(c) engages in the business of charging an advance fee or contracting for collection of a fee in connection with a contract by which the individual undertakes primarily to promote the sale, lease, or other disposition of real estate in this state through its listing in a publication issued primarily for this purpose or for referral of information concerning real estate to brokers;
(d) makes the advertising, sale, lease, or other real estate information available by public display to potential buyers;
(e) aids or attempts or offers to aid, for a fee, any person in locating or obtaining any real estate for purchase or lease;
(f) receives a fee, commission, or other compensation for referring to a licensed broker or salesperson the name of a prospective buyer or seller of real property;
(g) performs asset management services for real property in conjunction with the marketing or transfer of the property; or
(h) advertises or represents to the public that the individual is engaged in any of the activities referred to in this subsection (4).
For this statute, negotiations – (MCA 37-51-102 (15)) are defined as -
A Supervising Broker – (MCA 37-51-102 (25)) -
(25) "Supervising broker" means a licensed broker with whom a licensed salesperson is associated, directly, indirectly, regularly, or occasionally, to sell, purchase, or negotiate for the sale, purchase, exchange, or renting of real estate.
A Salesperson - – (MCA 37-51-102 (20)) -
(20) "Salesperson" includes an individual who for a salary, commission, or compensation of any kind is associated, either directly, indirectly, regularly, or occasionally, with a real estate broker to sell, purchase, or negotiate for the sale, purchase, exchange, or renting of real estate.
Note that the following individuals below does NOT need a real estate license in Montana as stated in (MCA 37-51-103) –
The state of Montana offers this guidance to nonresidents who wish to obtain a license -
However, according to MCA 37-51-306 – nonresident transactions must agree to consent to a legal process by providing an irrevocable written consent.
In addition, Montana real estate licensees can obtain a license through agreed-upon reciprocity with the following states –
Note: Montana is NOT an attorney-close state, but buyers and sellers are encouraged to seek legal advice from a Montana licensed real estate attorney when needed, to avoid legality issues.
Yes. It is legal to wholesale real estate deals in Montana.
Wholesaling real estate remains lawful if the wholesaler/investor does not violate Montana's real estate and license law. Important considerations offered to wholesalers in Montana include the following -
Note that this is different from marketing or selling real property. The selling of one's equitable rights does not require a Montana real estate license, whereas Montana real estate law mandates a license when selling/marketing real property or real estate.
But, wholesaling real estate in Montana within the law and with caution is legal and often profitable.
License law in Montana is quite clear. According to MCA 37-51-301 –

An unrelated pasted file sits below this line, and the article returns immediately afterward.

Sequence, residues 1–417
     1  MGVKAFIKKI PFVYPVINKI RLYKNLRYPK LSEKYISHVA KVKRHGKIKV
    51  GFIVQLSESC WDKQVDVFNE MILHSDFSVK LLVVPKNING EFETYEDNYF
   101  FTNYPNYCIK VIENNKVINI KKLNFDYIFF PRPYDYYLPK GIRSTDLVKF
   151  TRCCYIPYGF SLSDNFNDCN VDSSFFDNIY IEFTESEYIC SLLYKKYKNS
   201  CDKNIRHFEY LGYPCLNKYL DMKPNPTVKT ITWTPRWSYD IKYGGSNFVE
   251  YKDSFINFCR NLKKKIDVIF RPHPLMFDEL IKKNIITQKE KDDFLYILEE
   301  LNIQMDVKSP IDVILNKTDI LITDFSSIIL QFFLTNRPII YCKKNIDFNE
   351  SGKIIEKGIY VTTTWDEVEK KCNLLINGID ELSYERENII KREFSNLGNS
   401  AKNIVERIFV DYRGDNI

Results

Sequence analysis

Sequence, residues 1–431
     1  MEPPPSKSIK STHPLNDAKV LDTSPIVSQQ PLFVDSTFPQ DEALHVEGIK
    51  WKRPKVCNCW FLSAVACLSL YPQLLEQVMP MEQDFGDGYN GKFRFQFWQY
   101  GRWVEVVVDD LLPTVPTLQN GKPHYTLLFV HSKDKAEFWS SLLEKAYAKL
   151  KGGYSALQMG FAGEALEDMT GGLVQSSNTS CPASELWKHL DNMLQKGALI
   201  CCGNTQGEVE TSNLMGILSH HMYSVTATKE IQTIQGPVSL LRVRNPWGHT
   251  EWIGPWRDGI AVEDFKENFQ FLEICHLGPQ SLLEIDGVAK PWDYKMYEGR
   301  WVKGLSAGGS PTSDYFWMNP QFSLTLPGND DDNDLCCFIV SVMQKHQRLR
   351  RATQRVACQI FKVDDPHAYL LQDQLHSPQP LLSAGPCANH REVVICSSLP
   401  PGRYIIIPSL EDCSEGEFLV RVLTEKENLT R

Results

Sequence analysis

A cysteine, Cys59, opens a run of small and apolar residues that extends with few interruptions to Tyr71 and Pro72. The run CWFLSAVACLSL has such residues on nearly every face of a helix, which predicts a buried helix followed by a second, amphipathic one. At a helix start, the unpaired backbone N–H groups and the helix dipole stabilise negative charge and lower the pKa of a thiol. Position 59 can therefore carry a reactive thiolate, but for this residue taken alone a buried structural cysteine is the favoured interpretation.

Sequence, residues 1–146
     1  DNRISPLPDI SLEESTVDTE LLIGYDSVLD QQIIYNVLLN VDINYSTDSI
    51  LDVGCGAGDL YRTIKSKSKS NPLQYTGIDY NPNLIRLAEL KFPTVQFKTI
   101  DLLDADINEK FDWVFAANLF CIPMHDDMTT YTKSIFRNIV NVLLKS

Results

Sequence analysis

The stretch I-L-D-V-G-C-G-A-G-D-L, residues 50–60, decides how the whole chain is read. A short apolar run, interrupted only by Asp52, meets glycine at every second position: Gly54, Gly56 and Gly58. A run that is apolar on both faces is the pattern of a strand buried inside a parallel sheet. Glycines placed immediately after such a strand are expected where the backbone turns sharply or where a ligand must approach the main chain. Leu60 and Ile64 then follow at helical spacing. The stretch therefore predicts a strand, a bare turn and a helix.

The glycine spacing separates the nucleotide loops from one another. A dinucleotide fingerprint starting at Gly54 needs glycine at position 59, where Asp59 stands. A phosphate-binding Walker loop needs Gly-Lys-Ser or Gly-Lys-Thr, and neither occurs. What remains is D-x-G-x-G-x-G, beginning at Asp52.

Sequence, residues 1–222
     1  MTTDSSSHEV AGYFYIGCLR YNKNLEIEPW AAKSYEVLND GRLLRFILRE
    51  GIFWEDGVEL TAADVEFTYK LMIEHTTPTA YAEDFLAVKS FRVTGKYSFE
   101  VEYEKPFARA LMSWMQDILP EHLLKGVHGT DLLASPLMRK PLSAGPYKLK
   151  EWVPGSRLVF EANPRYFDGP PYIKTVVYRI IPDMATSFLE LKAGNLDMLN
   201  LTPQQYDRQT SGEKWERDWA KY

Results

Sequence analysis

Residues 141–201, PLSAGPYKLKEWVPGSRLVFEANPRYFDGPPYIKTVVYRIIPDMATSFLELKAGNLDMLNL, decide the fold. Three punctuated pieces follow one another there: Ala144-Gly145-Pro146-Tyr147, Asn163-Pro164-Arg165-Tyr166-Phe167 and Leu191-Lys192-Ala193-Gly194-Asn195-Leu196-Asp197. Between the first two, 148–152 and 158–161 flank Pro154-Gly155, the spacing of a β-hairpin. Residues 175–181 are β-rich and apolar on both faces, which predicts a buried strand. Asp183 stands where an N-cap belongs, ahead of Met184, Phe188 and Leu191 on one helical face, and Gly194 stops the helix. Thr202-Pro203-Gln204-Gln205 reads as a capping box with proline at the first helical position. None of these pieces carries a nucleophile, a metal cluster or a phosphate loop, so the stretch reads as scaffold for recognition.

In Montana, under (MCA 37-51-102 (4)) you are considered a broker or salesperson if you -
The penalties & consequences for violating Montana Code Annotated Title 37, Chapter 51-323 –
No, real estate wholesalers operating in the state of Montana will not require a real estate license if they do not violate Montana's real estate or license law. The following suggestions will help wholesalers mitigate the potential risks -
DO NOT market/sell the contracted property – only your equitable rights. This may seem like a difference without a distinction (to quote legal scholars), but in fact, selling the property and selling equitable title are two completely different transactions.
Real estate contracts delineate the transaction's terms. They are legally enforceable if one or both parties default on the contract's agreed terms – most include timeframes upon which each party must complete their obligations.
A contract of sale includes tremendous amounts of information which includes -
The legal document known as an assignment contract allows a contracted purchaser to transfer the rights awarded by the contract (thru the Principle of Equitable Conversion) to another buyer. When using an Assignment of Sale, it is the wholesaler who is the Assignor, with the new buyer considered the Assignee. Montana State law is silent with regard to guidelines for using this legal document.
The double-close exit strategy offers wholesalers the most direct way to avoid violating Montana law. If you want to ensure you do not violate any Montana law as a wholesaler, the double close offers the safest path to completion without obtaining a real estate license.
A double closing, as its moniker suggests, is defined by two closings. Most investors try to schedule them back-to-back, although there are times when the closings may take place on different days.
In the first closing, the wholesaler is the contracted purchaser – becoming the seller in the subsequent transaction. The price that differs between the two contracts is the gross revenue, which is often called the assignment fee.
Note: The Double Close Exit Strategy is not always free because it requires an additional set of closing fees, with most investors understanding that the extra expense is the cost of protection against significant consequences.
Real estate wholesaling is a type of investment strategy that fits with the current market's placement in the real estate cycle. It offers beginner wholesalers the opportunity to build a successful career and to learn about real estate investments without the need for significant capital.
A real estate investor/wholesaler operates as a middleman – meeting the needs of homeowners who need to sell quickly – for whatever reason. Instead of selling groceries, sneakers, or clothing, a real estate wholesaler sells the only marketable asset they have to sell in the transaction - their equitable title - to another interested buyer.
Future and potential investments are easily found these days thanks to the modern, digital real estate marketplace (like Zillow & Redfin) and various foreclosure podcasts and infomercials.
However, like every investment, real estate wholesalers must manage the process with vigilance, transparency, and integrity. This begins with a solid contract that details both the buyer's and seller's contractual obligations.